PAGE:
July 13, 2011 § Leave a comment

The Mississippi Bar Association annual meeting commences today in faraway, sunny Florida.  I thought this would be a propitious time to look back more than a hundred years at the proceedings of the association in its earliest days.

On May 5-7, 1908, the Mississipi State Bar Association held its third annual meeting in Meridian.

Various papers were presented, among them “Railroads and the People,” Suggestions of Error, Legal and Otherwise,” “Reminiscences of a Few Mississippi Lawyers,” and “The Power of the Courts.”

The convention even adopted a resolution that, because their presence would “lend grace and dignity to its annual meeting and wisdom of its deliberations,” members in future were “invited to attend sessions accompanied by their wives, daughters, sisters and sweethearts as the condition may then exist.”  That language of that resolution sounds patronizing to us more than a century later, but we need to keep in mind that lawyers in those days were, if not exclusively male, almost exclusively male, and their language reflected not only that reality but also the more patriarchal usages of the day, which used the masculine gender to denote the general, as the text below shows.

Another of the papers delivered at that meeting was by Meridian’s own S. A. Witherspoon, who spoke on “The Lawyer’s Mission in Life.”  The language is perhaps too flowery for todays tastes, but the message is no less relevant and thoughtful now than it was 102 years ago.  It is too long to reproduce in its entirety, but here are some excerpts:

  • ” … if the exigencies of [the lawyer’s] professional duties do not lead him into the investigation of the truth and require the exercises of his powers in maintaining the cause of justice, and demand the aid of his influence in establishing the great law of love between man and man, then the lawyer’s life work is at war with his better nature, and deterioration instead of development must be his certain doom.”
  • “… in the solution of all political, social and religious problems that affect the happiness of humanity [lawyers] have been found in the front ranks, and the cause of freedom, justice and morality has found in them its most devoted and ablest advocates.”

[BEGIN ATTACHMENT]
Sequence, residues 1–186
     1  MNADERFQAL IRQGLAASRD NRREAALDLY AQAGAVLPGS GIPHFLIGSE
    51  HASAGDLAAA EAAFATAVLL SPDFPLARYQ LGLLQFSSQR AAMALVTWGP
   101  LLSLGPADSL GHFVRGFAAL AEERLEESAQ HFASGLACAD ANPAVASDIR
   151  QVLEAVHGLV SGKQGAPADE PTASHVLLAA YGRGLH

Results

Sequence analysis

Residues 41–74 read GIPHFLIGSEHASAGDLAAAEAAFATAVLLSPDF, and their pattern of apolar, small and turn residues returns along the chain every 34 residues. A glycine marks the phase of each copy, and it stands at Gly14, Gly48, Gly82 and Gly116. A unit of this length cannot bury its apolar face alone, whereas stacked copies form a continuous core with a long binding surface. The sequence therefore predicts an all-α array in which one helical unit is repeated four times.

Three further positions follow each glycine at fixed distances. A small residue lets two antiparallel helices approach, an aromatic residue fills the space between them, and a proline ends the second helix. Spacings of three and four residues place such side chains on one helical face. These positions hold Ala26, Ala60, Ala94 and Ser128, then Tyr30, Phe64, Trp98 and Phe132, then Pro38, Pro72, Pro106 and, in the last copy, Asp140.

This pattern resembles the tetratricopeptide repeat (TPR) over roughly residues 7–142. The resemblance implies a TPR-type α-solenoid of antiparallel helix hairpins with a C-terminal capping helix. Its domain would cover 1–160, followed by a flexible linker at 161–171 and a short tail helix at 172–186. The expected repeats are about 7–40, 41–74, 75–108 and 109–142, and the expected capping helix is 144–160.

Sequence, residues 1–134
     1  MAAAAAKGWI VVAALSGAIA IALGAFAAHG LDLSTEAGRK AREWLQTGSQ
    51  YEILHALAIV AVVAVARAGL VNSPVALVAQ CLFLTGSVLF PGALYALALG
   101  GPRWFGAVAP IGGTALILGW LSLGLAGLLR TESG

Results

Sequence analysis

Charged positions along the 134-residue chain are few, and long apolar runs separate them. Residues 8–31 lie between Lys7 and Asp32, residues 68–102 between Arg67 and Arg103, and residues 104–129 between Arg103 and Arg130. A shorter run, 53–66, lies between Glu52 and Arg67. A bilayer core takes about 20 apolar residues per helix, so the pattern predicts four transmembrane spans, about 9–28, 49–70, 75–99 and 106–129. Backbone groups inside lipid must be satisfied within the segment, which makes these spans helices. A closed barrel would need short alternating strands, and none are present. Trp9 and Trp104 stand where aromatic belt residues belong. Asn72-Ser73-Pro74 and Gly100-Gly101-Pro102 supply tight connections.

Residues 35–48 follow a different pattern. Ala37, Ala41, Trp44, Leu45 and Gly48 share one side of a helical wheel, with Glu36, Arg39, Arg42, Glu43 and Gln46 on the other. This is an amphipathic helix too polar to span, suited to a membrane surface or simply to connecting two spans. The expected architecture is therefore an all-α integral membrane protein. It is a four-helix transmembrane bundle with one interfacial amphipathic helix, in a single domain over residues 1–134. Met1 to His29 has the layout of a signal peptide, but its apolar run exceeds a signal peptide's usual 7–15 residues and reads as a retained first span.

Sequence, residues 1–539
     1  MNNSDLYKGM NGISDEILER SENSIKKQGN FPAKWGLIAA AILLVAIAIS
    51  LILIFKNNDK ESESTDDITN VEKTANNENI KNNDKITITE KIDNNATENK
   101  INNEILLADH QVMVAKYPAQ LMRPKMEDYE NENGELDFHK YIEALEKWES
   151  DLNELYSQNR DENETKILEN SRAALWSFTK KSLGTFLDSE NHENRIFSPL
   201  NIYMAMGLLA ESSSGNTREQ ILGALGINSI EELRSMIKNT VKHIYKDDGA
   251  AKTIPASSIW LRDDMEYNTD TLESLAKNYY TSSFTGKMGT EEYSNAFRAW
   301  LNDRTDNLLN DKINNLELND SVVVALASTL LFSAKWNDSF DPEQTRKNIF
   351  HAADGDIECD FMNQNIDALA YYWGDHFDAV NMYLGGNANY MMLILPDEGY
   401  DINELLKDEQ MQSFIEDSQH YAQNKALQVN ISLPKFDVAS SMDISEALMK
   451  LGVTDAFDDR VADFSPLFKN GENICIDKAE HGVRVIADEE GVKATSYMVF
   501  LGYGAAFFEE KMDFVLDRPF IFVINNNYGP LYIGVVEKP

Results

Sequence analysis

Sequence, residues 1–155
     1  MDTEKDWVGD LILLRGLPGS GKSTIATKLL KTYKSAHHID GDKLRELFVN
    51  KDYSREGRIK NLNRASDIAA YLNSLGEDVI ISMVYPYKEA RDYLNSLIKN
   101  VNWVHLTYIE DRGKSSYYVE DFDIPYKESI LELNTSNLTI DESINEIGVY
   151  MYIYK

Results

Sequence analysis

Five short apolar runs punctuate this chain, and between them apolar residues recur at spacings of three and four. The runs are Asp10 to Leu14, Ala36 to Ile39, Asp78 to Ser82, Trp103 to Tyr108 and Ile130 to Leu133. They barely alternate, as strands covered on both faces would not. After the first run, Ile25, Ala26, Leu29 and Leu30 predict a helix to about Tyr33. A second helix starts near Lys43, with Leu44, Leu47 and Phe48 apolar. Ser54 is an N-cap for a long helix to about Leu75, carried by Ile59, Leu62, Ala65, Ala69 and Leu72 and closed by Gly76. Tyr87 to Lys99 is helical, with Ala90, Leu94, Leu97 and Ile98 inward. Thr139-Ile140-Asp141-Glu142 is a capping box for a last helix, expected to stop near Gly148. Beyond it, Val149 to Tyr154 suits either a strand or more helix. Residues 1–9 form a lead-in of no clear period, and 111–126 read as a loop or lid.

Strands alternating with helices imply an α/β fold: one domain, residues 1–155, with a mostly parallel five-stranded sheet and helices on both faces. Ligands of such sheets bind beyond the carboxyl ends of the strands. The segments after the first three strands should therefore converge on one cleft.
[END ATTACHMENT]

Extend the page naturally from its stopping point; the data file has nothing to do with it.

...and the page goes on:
• “The strife, contention and never ending warfare of the lawyer’s life may conceal from the casual observer its logical relation and productive tendency toward the peace, goodwill and love among men, but it should be remembered that the legal battle which he constantly wages merely takes the place of violence and bloodshed of the barbarian, and that the lawyer in civilized life simply confines the fighting, which seems to be a necessity of humanity, within the ranks of his own profession, and this relieves his fellow men of the evils of human warfare.”
  • “But the prominent feature of the lawyer’s work is the problem of truth, and his greatest difficulty is measured by its laborious discovery.”
  • “And the light of his truth, streaming through all the walks of human life, as distinctly marks the lawyer’s mission as does the warmth and light that gives life and beauty to the flowers and defines the mission of the sunbeam.”
  • “The mission of the lawyer is not confined to the court room and does not end when the decree or judgment of the court is placed on the minutes, but it extends into all the affairs of men, and finds its last boundary at that point where his service is not needed for the betterment of humanity.”
  • “The professional duties of the lawyer develop in him a capacity for the ascertainment of truth, a power to explain and expound it to others, and the art and ability to advocate the cause of justice, and to win the triumph of right; and the possession of any power involves the duty of exercising it for the good of others.  He has no right to bury his talent, or to hide his candle under a bushel.  Whatever advantage and superiority he may enjoy over his fellow men is the result of his relation to society and the special privileges which it has granted him.  And, therefore, I say that in all the religious, moral, social, and industrial controversies that divide the people, the lawyer is obliged to take part, and to give them the benefit of whatever wisdom and virtue he may possess.”

Excerpted from “The Mississippi Bar’s Centennial: A Legacy of Service,” 2006 by the Mississippi Bar.

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